Which is probably just as well. Because my devotion to my Work in the first year of my current job was not very balanced and probably not entirely sane. Ask my spouse; they can attest.

Anyway, back to the present…Yesterday, I had a doctor’s appointment to follow up on some testing that was done as a follow-up to last year. I was supposed to go in for testing, six months ago, but the job change threw me off, and I just didn’t go. I also didn’t feel like dealing with doctors and diagnostics and what-not — even if they were worried about me having something serious wrong with me. The change of commute was bad enough, and I figured that if I went in for testing before I was adjusted to the commute and my system had calmed down, they were going to see a bunch of weird spikes in my levels and readings that had more to do with my relatively normal system responding to unusual circumstances, instead of an unusual system operating in relatively normal circumstances.

So, I showed up at the doctor and met with the physicians’ assistant, who is capable and personable and has been more helpful to me than the doctor, proper. We had some good conversations, until we got into the testing talk and I got the lecture about not coming in earlier when they wanted me to, and they started talking about doing more testing. I did consent to getting some more imaging done, which was fine. But when we started talking about the more invasive procedures, I had to stand my ground and dig my heels in.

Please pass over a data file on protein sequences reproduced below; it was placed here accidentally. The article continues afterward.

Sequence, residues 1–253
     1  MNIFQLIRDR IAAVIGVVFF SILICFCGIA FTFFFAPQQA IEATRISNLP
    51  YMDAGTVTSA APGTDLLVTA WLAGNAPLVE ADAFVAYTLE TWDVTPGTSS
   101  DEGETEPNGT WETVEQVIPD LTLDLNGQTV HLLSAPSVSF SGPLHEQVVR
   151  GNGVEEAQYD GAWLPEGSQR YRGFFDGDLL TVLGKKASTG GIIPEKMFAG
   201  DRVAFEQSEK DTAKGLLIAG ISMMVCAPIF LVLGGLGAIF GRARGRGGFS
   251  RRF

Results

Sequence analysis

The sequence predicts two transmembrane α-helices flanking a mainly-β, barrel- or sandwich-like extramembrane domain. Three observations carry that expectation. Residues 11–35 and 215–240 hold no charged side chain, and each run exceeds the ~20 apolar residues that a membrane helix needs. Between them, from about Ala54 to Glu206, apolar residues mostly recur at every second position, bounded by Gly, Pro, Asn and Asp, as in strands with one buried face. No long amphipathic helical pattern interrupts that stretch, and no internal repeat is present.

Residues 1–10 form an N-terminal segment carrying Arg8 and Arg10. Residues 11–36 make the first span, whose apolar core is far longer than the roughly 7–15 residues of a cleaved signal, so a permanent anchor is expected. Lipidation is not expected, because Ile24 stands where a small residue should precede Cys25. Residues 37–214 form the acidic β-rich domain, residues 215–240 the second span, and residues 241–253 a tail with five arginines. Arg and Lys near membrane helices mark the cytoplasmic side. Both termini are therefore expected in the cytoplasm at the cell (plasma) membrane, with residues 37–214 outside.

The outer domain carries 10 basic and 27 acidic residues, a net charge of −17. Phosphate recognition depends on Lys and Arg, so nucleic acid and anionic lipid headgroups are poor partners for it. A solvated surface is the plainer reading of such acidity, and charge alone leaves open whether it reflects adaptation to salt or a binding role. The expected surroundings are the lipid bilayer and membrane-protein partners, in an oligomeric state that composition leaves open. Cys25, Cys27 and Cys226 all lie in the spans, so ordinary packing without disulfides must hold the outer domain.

No way was I going to submit to what they wanted me to do. The last time I had it done, I felt like crap for days after. And I also started seeing articles about false positives and permanent cell damage from those sorts of diagnostics. And I told the PA that I’d done my research and if they wanted to know such-and-such about me, they were going to need to find another way to do it.